When thinking about writing about a normal day as a community health PCV in Swaziland, I just laughed. There are no normal days.
I picked a week to report on where I had very little on my calendar to start with, and by the end of the week, I was exhausted from the number of activities that came up. Sometimes, though, the week does not get filled with activities and sometimes I know the week will be extremely busy before it starts.
I will be posting each day this week with the activities I did on the corresponding day a few weeks ago.
Remember that this is only representative of my life. Other PCVs in Swaziland have very different schedules and are working on different projects and activities in their communities. We are supposed to be meeting the needs of our communities, and of course, each of our 70-some communities have different needs, which means we work on different projects across the country.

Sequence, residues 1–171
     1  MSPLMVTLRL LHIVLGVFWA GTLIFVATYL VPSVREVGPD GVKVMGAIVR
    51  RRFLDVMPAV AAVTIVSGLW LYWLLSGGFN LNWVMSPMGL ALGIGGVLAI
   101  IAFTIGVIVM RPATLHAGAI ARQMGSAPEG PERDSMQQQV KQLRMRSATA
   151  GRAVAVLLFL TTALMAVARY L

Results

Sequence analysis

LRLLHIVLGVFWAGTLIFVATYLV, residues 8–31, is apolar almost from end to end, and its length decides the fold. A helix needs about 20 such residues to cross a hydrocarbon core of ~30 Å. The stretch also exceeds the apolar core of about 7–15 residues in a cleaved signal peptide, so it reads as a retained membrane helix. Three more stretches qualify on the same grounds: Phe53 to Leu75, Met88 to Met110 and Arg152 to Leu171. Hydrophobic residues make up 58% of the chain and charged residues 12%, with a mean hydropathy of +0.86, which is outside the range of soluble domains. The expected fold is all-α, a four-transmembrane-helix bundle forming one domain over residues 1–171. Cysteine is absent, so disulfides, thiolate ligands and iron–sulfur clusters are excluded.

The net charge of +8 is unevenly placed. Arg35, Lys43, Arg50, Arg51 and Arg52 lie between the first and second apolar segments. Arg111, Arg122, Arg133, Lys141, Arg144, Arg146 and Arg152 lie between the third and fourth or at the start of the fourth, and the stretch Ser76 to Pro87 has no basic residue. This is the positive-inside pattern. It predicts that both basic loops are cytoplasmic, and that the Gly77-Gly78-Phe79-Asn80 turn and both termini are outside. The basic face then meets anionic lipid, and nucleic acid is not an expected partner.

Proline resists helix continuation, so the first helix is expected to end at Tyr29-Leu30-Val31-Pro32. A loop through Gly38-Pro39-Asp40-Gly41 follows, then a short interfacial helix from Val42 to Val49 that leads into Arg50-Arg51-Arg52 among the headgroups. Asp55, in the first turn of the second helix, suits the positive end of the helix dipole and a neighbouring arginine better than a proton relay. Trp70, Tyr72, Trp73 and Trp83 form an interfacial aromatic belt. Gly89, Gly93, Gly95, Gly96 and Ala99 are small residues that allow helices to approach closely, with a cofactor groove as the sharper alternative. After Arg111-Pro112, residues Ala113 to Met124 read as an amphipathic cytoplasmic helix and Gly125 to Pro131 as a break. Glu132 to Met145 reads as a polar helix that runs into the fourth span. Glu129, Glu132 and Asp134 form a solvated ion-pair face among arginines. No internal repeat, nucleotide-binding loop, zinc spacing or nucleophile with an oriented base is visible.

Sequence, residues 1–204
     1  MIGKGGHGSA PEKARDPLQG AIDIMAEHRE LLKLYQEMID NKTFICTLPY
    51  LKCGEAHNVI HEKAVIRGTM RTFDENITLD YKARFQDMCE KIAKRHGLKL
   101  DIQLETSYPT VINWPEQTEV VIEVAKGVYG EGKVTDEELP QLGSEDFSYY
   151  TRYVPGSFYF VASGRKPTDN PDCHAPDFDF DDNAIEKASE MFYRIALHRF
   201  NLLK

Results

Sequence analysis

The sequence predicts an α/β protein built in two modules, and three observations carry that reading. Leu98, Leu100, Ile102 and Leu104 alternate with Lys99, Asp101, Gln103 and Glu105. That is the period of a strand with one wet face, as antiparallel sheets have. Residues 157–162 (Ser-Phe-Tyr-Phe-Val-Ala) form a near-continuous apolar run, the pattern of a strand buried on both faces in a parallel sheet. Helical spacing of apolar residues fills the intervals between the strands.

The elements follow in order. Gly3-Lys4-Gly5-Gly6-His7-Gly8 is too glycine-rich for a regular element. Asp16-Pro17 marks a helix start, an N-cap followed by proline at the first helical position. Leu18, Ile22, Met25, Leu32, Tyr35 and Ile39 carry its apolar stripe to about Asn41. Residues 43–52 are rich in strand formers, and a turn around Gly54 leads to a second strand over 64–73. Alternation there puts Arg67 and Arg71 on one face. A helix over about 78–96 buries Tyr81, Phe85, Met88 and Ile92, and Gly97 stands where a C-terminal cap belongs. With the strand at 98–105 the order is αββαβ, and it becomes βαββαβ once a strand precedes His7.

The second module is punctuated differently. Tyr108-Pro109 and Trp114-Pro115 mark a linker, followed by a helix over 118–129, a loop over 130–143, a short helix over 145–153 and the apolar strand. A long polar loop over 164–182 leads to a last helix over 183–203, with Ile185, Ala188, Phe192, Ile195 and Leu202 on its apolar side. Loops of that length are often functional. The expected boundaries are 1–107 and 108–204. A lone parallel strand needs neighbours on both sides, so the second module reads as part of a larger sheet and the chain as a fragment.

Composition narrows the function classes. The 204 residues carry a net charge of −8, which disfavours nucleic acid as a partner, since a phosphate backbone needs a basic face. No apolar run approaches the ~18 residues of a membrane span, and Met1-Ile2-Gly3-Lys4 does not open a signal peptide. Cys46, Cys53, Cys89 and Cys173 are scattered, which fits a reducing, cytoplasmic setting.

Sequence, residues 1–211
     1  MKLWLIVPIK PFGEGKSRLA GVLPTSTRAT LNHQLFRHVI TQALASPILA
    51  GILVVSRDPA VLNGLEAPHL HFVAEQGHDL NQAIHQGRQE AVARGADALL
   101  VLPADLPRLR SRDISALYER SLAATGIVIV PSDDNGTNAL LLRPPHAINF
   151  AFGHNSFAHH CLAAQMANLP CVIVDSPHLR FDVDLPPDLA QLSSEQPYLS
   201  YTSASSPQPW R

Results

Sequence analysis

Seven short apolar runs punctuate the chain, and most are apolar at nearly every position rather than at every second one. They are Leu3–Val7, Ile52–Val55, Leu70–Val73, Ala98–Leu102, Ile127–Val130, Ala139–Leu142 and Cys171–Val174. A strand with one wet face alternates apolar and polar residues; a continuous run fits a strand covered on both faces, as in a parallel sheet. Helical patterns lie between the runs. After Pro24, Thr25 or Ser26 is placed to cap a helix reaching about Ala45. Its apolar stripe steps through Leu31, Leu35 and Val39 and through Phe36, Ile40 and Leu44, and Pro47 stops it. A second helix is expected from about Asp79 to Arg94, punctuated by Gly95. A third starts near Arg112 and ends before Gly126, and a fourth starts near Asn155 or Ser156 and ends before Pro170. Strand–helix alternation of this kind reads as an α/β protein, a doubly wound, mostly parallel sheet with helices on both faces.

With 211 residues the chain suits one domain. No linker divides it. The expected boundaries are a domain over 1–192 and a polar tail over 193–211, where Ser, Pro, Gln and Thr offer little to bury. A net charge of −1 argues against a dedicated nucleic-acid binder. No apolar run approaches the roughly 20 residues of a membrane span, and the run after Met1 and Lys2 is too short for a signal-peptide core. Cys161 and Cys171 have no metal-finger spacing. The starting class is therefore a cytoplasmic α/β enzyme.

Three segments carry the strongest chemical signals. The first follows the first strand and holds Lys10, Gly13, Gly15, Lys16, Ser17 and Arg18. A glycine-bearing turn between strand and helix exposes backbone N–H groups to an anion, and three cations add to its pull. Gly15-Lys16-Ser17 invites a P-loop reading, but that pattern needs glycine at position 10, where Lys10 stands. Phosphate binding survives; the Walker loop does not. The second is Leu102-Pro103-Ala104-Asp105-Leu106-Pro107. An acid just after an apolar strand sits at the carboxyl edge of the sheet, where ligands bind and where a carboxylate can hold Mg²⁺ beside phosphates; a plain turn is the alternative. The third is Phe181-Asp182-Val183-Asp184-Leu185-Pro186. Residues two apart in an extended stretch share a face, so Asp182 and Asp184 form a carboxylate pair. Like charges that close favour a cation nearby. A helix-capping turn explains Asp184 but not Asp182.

745: Awake and I take a marked egg outside to Thandi’s laying spot. I will collect this egg in the afternoon after she lays a new egg. Then I eat, boil water, read about planting potatoes and decide that although the temperatures are good now for potatoes, I have not seen any seed potatoes and therefore will not be growing potatoes. I review my garden plan, and complete my lesson for Friday’s English club.
945: I head to the garden to double dig a bed and am slowed by copious amounts of trash. I eventually take a break to review the MST schedule again as more discussion has occurred. I also have a creepy visit from the police (don’t worry, I have already reported it).
1330: I finally finish the bed and go inside to cool off on my cool, concrete floor and eat lunch.
1430: I work on my siSwati homework and then work on some articles for the SOJO.
1630: I bring in the eggs, and I wash dishes.
1715: SiSwati lesson.
1815: I finish rinsing dishes and clean the carbon filters in my water filter.
1830: I make dinner, read the latest issue of the SOJO, make a new calendar (I use a big sheet of paper, fold it so that there are eight rows and eight columns, and number the boxes with the dates, and then there is plenty of space to write in plans, what I do each day, and birthdays).
2030: Get ready for bed and read until 2130.